Bestselling author Gary Shteyngart, author of the forthcoming novel Lake Success (Random House, September 4), will deliver an afternoon keynote at the 2018 Winter Institute in Memphis.
Lake Success takes place during the summer before Donald Trump is elected president. Hedge fund manager and 1-percenter Barry Cohen leaves his unhappy marriage to take a Greyhound bus trip across America, on the lam from the SEC and in search of lost love. In the meantime, his wife, who gave up a career as a lawyer to care for their autistic son, begins an affair with the Cohens’ downstairs neighbor.
Shteyngart is the New York Times bestselling author of the memoir Little Failure (a National Book Critics Circle Award finalist) and the novels Super Sad True Love Story (winner of the Bollinger Everyman Wodehouse Prize), Absurdistan, and The Russian Debutante’s Handbook (winner of the Stephen Crane Award for First Fiction and the National Jewish Book Award for Fiction). His books regularly appear on best-of lists around the world and have been translated into 29 languages.
Shteyngart’s afternoon keynote will take place from 3:00 pm to 4:00 p.m. in Ballroom A at the Memphis Cook Convention Center on Thursday, January 25.
Bookselling This Week spoke with Shteyngart about the 2016 presidential election, income inequality, and a few of his favorite indie bookstores.
Bookselling This Week: Lake Success was written between June 6 and December 21, 2016, from the rise of Donald Trump to Republican nominee up until the month after the election. What was it like watching the events of 2016 unfold as you wrote?
Gary Shteyngart: I wrote the first draft of the book pretty much as I was going across country on a Greyhound bus. In June, I left New York with the idea that America is a country where Trump could never win. By the time I got to San Diego, I wasn’t so sure. The book definitely took on some aspects of journalism. I was witness to probably the strangest year America had seen since the Civil War.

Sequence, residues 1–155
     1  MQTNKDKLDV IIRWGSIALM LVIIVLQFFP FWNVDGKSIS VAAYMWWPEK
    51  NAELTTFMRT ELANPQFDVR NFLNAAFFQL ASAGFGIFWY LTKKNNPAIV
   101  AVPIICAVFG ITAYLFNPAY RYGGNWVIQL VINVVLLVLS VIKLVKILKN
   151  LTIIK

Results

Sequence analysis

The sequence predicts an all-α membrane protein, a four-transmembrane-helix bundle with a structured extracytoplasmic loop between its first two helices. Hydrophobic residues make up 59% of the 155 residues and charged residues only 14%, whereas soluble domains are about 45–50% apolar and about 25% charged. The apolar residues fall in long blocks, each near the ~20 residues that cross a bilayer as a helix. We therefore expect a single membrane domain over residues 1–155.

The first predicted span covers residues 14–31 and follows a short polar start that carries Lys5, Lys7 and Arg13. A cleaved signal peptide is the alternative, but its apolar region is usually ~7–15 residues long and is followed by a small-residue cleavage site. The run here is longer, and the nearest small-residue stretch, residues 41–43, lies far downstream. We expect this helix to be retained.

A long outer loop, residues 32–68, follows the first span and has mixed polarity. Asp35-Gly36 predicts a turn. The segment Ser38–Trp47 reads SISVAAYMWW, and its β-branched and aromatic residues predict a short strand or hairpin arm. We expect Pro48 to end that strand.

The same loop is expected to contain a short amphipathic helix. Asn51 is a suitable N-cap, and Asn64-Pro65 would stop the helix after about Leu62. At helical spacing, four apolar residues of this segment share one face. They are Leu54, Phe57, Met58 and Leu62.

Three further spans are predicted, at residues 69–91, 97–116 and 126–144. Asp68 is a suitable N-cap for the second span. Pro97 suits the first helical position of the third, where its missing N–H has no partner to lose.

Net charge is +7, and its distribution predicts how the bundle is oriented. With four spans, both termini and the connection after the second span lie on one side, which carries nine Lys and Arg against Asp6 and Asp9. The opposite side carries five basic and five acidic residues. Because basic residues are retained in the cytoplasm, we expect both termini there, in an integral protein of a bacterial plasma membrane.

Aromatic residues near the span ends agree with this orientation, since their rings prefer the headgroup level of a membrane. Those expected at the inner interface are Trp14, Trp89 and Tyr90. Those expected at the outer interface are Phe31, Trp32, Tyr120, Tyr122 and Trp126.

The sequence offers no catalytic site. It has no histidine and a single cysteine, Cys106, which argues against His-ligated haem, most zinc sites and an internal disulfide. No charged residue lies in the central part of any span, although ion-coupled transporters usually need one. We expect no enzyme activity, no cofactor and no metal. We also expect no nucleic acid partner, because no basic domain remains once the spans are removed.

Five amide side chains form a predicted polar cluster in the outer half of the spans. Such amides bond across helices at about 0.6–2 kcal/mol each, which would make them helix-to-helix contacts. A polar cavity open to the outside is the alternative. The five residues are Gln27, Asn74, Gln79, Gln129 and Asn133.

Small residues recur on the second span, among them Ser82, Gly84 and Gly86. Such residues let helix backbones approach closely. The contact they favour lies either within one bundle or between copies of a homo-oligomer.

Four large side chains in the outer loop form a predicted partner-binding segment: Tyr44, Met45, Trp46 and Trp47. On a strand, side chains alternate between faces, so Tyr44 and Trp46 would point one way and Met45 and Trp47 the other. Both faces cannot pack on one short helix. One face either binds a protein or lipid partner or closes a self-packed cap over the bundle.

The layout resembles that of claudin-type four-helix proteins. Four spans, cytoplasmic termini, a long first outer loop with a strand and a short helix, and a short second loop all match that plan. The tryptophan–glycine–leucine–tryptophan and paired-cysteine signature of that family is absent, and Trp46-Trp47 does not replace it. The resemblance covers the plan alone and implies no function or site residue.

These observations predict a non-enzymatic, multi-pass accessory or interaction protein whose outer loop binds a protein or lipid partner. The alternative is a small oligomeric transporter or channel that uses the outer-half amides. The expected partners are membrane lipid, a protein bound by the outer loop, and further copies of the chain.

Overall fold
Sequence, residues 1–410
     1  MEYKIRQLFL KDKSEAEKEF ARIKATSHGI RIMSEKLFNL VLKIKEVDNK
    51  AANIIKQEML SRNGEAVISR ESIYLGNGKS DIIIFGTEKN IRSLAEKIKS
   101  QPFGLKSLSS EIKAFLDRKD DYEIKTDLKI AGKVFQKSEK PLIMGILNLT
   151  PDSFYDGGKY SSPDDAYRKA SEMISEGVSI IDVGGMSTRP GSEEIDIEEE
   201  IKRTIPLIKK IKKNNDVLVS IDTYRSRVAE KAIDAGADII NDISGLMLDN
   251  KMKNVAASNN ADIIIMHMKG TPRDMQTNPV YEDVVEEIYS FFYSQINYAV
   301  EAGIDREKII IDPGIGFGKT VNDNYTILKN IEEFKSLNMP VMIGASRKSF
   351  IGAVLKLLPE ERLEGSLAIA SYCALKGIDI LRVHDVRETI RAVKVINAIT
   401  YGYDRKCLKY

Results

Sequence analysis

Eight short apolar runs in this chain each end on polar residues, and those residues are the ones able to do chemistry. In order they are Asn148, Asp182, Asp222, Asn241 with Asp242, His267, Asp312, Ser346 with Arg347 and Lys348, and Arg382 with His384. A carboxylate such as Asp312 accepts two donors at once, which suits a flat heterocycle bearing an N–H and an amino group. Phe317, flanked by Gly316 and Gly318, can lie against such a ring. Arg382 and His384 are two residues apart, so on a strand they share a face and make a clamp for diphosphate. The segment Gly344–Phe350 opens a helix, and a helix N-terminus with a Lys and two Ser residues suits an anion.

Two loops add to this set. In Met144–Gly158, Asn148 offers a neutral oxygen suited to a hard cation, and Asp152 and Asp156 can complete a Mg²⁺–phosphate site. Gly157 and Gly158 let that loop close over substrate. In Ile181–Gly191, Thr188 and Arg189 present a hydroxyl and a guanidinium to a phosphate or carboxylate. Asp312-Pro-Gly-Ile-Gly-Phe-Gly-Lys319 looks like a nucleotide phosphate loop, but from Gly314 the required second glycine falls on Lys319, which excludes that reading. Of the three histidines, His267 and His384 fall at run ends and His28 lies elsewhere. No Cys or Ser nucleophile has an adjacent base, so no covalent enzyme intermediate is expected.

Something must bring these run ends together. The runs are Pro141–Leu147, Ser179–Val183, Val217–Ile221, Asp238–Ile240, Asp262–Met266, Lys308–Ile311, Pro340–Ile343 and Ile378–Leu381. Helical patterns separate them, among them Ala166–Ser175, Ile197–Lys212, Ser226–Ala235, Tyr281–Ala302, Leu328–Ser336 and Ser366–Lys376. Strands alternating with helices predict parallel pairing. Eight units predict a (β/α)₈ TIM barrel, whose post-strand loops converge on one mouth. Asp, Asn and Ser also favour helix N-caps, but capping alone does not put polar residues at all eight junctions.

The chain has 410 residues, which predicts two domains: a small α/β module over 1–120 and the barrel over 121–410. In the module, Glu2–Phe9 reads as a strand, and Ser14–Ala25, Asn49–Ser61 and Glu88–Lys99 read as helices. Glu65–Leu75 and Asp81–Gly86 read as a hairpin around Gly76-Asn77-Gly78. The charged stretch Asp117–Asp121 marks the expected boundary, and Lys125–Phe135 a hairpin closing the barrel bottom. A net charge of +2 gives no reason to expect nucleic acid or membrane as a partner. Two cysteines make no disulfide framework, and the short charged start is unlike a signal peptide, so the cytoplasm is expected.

BTW: The saga of Barry and Seema highlights the sheer enormity of the divide between the hyper-wealthy 1% and the rest of America, both materially and psychologically. In writing this book, what were some of your thoughts on the nature of this divide, including its potential to be bridged?
GS: I’m not sure it can be bridged. The days when people aspired to be upper middle class — the town lawyer, the town doctor, etc. — have been replaced by an all-or-nothing mentality. The 1% has nothing to do with the rest of the country. It lives in a private, shut-off world. Even Manhattan, where every other storefront is a Duane Reade or a Chase bank, feels like an island-sized gated community.
BTW: Barry’s relationships with other people tend to be shallow and transactional and often stem from assumptions about others’ worth based on apparent wealth, race, or physical appearance. His most intimate relationships, it seems, are with the contents of his expensive watch collection. What was the particular significance of your choice of watches?
GS: Barry can’t relate to people, but he loves his watches. The watches represent aspects of his personality that he hopes to rekindle — his wit, style, grace. They are stand-ins for all the people he could not truly love — his wife, his son, his father, and himself.
BTW: In some ways, Barry’s background is similar to President Trump’s, including having demanding, withholding fathers as well as the desire to be accepted by elite society. Do you see Trump, like Barry, as a uniquely American figure?
GS: Yes, and let’s not forget they’re both from Queens! (As was I.) There’s something about growing up in Queens, so close to Manhattan and yet so far, that makes an ambitious person mad. Barry does share some of Trump’s feelings of inferior superiority, but, without giving too much of the book away, he does have some capacity for love and change.
BTW: What role have independent bookstores played in your life? What are a few notable stores in your locale or stores that you have visited and enjoy?
GS: I’ve spent a great deal of my life in bookstores. From the Strand Annex in the Financial District where I spent a part of my 20s (I was supposed to be working, but goofed off amid the aisles for hours each day) to my current haunts, Spotty Dog Books & Ale in Hudson and Oblong Books in Rhinebeck, bookstores rule!
Shteyngart’s keynote will take place in Ballroom A at the Memphis Cook Convention Center from 3:00 p.m. to 4:00 p.m. on Thursday, January 25.
Winter Institute 13 is made possible by the generous support of lead sponsor Ingram Content Group and from publishers large and small. See the full Winter Institute program here.